Name Fields


In this article we focus on record name fields. These fields are intended to contain a user-recognizable value by which a person or thing is known, addressed, or referred to. Unlike a record business identifier field discussed in Part 5, a name field’s value may change over time. Also, there are ‘real world’ names for things (e.g. people, cities) for which valid duplicate values can exist.

Name Fields

NOTE: This article is Part 6 of Information System Data Fundamentals For Business Analysts. See Part 1 – Series Introduction for links to other articles in the series, plus definitions of the terms Information System, Record, and Field within the context of this series.

Name Field Value Uniqueness

Some information system records represent things ’owned’ by an organization. For example:


The organization has the right to assign name values, and to expect values for that record field to be unique.

Other information system records represent things external to the organization.  For example:

  • AREA (e.g. cities, countries)

The information system needs to ensure that the value for a given external record name field is correctly sourced, and as best as possible, kept in sync with any value changes that occur outside the organization. Relying on uniqueness of an external record field value depends on the organization’s ability to ‘trust’ the external source responsible for maintaining and providing values. E.g. an international standards organization.

Full, Abbreviated and Coded Names

When a record represents something that has named instances, there is a good chance that there will be requirements for more than one name field. Wherever names consist of several full words, the organization will most likely have a shorter version of the name that it uses in its business processes. And where a name is used frequently, and keystrokes are to be minimized, there is likely to be an extra-short code version of the name.

Full Names – Where a name is intended to be descriptive, its value contains full words. E.g. ‘Tee Hinge 200mm Zinc Plated’, ‘Human Resources Department’, ‘California’. Full name fields often have the term name or label as part of its field name.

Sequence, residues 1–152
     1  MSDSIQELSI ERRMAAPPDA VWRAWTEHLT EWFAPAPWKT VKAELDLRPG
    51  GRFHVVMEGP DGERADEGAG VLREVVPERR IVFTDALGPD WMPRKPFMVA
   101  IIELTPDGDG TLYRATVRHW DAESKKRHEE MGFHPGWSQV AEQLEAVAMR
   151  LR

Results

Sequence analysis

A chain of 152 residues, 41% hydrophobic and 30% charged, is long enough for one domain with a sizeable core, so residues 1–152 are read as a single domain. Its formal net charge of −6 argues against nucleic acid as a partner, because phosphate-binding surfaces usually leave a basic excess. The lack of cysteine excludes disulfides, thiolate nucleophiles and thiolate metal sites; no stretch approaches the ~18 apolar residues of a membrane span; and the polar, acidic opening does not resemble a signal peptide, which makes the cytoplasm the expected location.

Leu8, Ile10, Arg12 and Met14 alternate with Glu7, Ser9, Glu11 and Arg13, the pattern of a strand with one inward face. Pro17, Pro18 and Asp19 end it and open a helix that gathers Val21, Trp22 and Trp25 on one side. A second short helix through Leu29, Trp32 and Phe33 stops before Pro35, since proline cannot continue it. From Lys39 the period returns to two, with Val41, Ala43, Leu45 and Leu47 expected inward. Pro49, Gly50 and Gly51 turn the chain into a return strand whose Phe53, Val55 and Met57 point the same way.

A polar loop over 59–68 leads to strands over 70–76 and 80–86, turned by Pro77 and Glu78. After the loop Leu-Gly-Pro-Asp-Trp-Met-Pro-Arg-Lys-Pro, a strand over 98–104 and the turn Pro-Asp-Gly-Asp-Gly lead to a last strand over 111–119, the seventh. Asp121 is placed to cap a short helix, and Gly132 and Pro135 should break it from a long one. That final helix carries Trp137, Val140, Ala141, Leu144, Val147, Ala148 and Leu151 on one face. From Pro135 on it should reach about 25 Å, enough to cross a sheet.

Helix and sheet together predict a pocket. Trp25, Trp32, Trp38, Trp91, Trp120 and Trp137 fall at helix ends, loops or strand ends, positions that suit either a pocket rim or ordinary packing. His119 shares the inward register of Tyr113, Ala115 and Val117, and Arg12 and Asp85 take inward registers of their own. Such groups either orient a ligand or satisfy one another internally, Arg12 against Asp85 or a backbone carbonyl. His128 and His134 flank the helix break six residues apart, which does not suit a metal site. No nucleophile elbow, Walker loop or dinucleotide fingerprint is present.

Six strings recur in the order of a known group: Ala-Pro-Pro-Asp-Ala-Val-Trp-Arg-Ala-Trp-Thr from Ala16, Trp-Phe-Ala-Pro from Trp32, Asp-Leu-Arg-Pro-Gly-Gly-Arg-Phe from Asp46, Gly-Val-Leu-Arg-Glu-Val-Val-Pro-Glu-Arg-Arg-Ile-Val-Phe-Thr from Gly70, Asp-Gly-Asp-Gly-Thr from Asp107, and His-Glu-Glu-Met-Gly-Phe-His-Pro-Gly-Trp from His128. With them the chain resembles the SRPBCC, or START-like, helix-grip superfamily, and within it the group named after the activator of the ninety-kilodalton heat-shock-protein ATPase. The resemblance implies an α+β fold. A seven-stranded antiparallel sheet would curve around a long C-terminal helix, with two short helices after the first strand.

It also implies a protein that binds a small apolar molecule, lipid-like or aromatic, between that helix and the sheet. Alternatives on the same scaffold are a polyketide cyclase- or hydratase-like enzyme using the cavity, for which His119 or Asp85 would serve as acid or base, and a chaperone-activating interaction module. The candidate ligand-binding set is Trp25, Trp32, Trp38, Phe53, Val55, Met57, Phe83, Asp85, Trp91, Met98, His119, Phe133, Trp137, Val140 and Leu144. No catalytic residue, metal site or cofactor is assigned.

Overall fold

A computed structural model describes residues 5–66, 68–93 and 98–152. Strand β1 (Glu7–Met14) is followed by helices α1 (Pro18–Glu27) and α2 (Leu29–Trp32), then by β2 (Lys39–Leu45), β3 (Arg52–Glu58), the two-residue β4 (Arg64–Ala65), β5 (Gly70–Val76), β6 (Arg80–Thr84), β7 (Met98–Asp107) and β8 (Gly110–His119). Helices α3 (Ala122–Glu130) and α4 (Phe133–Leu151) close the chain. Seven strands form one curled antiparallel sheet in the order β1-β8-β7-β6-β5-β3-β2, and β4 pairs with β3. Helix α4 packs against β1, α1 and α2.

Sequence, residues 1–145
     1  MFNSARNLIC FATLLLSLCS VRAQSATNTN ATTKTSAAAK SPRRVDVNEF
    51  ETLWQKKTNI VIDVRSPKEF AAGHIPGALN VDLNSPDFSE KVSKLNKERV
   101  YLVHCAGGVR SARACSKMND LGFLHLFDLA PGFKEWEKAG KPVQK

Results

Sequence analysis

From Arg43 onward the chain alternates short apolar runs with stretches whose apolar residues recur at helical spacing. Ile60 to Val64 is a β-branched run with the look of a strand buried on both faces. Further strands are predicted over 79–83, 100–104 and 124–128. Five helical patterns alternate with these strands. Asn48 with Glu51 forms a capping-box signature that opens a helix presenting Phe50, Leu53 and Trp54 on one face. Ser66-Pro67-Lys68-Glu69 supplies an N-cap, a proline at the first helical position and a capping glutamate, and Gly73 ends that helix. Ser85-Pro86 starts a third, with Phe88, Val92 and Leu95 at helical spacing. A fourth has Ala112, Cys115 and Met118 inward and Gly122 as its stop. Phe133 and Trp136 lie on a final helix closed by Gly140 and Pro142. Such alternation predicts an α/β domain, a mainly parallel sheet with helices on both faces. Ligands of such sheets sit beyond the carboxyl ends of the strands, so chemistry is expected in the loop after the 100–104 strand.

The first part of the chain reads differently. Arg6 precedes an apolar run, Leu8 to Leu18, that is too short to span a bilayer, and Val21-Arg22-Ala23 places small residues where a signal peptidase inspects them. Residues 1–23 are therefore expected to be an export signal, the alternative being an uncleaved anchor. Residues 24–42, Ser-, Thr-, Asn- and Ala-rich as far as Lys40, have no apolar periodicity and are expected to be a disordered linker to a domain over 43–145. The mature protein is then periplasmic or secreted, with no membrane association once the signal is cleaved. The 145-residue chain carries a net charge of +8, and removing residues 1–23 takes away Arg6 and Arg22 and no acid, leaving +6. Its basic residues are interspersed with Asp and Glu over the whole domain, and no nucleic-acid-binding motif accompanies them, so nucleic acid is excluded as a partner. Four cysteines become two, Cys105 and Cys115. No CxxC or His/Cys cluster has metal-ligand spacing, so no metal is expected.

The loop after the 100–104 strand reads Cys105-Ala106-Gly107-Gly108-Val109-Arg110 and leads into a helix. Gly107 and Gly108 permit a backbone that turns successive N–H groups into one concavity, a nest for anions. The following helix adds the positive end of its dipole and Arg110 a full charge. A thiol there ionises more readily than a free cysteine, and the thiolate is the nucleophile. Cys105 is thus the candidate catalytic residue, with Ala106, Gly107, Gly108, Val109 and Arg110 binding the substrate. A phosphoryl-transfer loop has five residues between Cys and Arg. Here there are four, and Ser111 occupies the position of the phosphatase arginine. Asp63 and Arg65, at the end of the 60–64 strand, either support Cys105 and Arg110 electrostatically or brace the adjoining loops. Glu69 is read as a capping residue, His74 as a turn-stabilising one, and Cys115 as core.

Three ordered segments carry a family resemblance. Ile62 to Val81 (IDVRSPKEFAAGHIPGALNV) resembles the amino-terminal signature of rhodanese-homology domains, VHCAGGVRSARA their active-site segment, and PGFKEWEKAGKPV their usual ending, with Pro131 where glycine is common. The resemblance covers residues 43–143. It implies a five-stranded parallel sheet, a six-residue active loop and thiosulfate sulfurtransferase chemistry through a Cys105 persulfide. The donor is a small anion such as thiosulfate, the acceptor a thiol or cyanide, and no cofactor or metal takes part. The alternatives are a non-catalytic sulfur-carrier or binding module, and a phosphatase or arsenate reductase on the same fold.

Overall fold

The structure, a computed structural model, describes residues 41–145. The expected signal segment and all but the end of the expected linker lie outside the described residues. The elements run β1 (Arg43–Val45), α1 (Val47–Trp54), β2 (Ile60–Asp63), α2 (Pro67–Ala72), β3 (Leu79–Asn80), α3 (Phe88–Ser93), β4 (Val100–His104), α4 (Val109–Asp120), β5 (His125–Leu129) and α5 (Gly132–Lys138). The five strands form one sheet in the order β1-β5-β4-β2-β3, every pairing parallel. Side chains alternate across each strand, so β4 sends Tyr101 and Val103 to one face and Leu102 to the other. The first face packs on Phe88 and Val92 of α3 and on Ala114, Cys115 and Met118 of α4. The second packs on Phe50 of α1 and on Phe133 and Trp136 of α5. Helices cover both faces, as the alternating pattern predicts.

Abbreviated Names – An abbreviated name is intended for ‘everyday use’ by the organization. Words making up a full name may be abbreviated, reduced to initials, or turned into an acronym. Someone new to the organization may not immediately recognize an abbreviated name, but it’s the name the thing is commonly known by within the organization. E.g. ‘T-hng 200mm Zn Plt’, ‘HR’, ‘Cal’.

Coded Names – A coded name is intended to take up the bare minimum amount of screen or report real estate. A cost of this space saving is the learning curve for new users of an information system. 'Old-timers' in the organization know the code values so well they have trouble understanding that they are not obvious to everyone.

Coded name fields often have the term code or the abbreviation cd as part of its field name. Values can be as short as a single character, but more typically utilize between two and six characters. Codes longer than six characters are venturing into the realm of abbreviations.

Where a thing is common across multiple organizations, such as COUNTRY or CURRENCY, standardized code values may be available. The International Standards Organization (ISO) maintains codes for countries, regions within countries (states or provinces), languages, and currencies. Other organizations offer standards for more industry-specific codes. An example is the International Air Transport Association (IATA), which maintains the three-character codes used to identify airports (e.g. ‘LAX’ for Los Angeles International Airport).

Non-word Names

Not all names consist of words or abbreviations. Street names are a good example. The majority of street names do involve words like ‘Main’ or ‘Maple’, or are named after people or places. But there are also street names based simply on numbers or letters, e.g. ‘1st Avenue’, ‘2nd Avenue’, ‘A Street’, ‘B Street’.

Another example of non-word names are floors within a multi-story building. The floors will have full names, such as ‘Ground Floor’, ‘Fifth Floor’, ‘Parking Level One’, or ‘Penthouse’. But the organization may only want to have coded versions of floor names (e.g. ‘G’, ‘5’, ‘P1’ ‘PH’).

Person Names

For records that represent persons, such as STAFF MEMBER or CUSTOMER, there are four fundamental name-types that may be needed to support an organization’s business process information needs:

  • Legal Name — Required to support business processes that involve regulatory organizations such as tax authorities, where those organizations require identifying individuals (and companies) by their full legal name. E.g. ‘Thomas Albert Jones’.